In the modern world, so wondrously but perilously interconnected, a principle of periodic reduction of bureaucracy should be built into every social organism. Freedom cannot survive otherwise.
The Trump administration is a threat to the deep state, and it, more than any other entity other than the media, has become his sworn enemy.

On political correctness:
... I never fully understood [Oscar] Wilde’s caustic satire of Victorian philanthropists and humanitarians until the present sludgy tide of political correctness began flooding government, education, and media over the past two decades. Wilde saw the insufferable arrogance and preening sanctimony in his era’s self-appointed guardians of morality.

We’re back to the hypocrisy sweepstakes, where gestures of virtue are as formalized as kabuki. Humor has been assassinated. An off word at work or school will get you booted to the gallows. This is the graveyard of liberalism, whose once noble ideals have turned spectral and vampiric.
Yeah ... "insufferable arrogance and preening sanctimony" covers it perfectly!

It's interesting that the trained hamsters in the media rarely give Camile Paglia the voice she deserves. Maybe that's because she doesn't fit neatly into the narrative they want to present.

Sunday, December 02, 2018

All About Power

In a thoughtful piece on how the elites on both the right and the left have failed in their attempts at effective governance, Chris Bray writes:
Today a well-entrenched class of professional thinkers largely understands expertise as the product of formal education and relationships to elite universities: You become an expert, or start to, by acquiring academic credentials. Extra points for grad school, and more points still for being a professor like Paul Krugman or Jonathan Gruber. Like the administrative class in Vichy France, or the scholar-officials of imperial China, you’re smart if you go to school a lot and excel on your exams, so you get to be in charge of some piece of the political or cultural mechanism.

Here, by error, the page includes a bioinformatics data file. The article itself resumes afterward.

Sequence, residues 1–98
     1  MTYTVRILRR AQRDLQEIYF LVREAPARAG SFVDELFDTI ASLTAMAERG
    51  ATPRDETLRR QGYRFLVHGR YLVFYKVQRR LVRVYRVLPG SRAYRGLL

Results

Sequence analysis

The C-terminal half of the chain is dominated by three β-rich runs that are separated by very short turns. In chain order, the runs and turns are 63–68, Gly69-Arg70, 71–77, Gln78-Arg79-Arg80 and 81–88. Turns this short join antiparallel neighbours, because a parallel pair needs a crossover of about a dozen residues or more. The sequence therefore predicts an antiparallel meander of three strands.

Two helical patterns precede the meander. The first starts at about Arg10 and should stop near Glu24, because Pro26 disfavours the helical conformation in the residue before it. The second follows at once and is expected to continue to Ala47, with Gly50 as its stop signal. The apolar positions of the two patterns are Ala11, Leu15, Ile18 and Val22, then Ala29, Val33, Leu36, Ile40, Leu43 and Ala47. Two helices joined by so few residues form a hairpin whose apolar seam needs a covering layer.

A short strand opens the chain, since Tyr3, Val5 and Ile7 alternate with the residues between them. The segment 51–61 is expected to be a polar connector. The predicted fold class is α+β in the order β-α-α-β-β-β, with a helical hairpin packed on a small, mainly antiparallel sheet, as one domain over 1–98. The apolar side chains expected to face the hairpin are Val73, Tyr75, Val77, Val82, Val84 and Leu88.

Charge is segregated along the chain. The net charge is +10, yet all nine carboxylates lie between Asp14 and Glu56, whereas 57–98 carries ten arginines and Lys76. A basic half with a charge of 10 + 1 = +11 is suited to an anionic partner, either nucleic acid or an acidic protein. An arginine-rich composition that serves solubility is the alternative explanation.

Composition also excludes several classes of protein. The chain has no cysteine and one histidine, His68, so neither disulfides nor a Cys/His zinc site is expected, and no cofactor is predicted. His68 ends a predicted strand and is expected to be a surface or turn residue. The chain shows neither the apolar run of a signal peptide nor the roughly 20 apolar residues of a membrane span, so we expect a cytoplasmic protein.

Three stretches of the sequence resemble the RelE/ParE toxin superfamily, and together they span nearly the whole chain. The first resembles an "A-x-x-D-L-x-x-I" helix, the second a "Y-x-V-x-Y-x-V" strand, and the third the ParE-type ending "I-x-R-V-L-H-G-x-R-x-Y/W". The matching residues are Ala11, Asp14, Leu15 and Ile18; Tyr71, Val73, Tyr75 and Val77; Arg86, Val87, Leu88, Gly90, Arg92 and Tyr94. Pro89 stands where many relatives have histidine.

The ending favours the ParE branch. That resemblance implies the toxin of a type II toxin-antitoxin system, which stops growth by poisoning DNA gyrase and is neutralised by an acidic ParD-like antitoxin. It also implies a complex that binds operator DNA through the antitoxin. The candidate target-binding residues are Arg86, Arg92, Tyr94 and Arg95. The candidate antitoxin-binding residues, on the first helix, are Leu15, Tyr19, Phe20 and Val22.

But is it working? Are our credentialing instruments producing people who are capable of practical action? To borrow a question from firefighters, can our credential-holders put the wet stuff on the red stuff?

Nearly a decade ago, Angelo Codevilla noticed the calcification of the American ruling class, a thing we sometimes pretend not to have. Our elites, he wrote, are “formed by an educational system that exposed them to the same ideas and gave them remarkably uniform guidance, as well as tastes and habits.” Thoroughly enculturated, the American elite gathers itself around a “social canon” that one does not question. Speaking of societal controversy with the wrong words puts a person outside the circle, out there in flyover country with the deplorables.
The simple reality is that the "best and the brightest"—many graduates of Ivy League schools, most with backgrounds in Law or political science, have made a real mess of governance.
  • They are experts at identifying problems but never effectively solving them.
  • They hide behind the decision of a group so that they won't have to take responsibility for decision made on their own.
  • They are often ignorant of the challenges facing those who actually do try to accomplish things in the private sector, but at the same time are unduly influenced by private sector lobbyists and big money coming from private sector entities.
  • They are adept at sponsoring specious studies, but never having any intention of actually acting on their findings.
  • They love to conduct hearings and "investigations" (just wait for House Dems to get started in the next Congress), but have neither the intelligence nor integrity to know when an "investigation' has become an inquisition.